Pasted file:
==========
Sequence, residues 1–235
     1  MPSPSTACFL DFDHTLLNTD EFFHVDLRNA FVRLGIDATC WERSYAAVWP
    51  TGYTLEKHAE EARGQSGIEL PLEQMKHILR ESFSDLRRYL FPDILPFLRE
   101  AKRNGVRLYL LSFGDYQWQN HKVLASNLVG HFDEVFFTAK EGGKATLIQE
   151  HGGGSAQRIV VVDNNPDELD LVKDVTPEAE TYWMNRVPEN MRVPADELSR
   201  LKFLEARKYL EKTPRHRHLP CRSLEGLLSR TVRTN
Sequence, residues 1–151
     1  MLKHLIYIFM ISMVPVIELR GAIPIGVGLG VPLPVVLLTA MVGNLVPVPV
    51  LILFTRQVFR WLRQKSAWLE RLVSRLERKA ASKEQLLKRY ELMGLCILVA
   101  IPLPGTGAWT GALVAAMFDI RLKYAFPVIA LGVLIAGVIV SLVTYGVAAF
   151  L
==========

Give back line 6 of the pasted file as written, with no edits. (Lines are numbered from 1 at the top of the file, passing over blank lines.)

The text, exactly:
   201  LKFLEARKYL EKTPRHRHLP CRSLEGLLSR TVRTN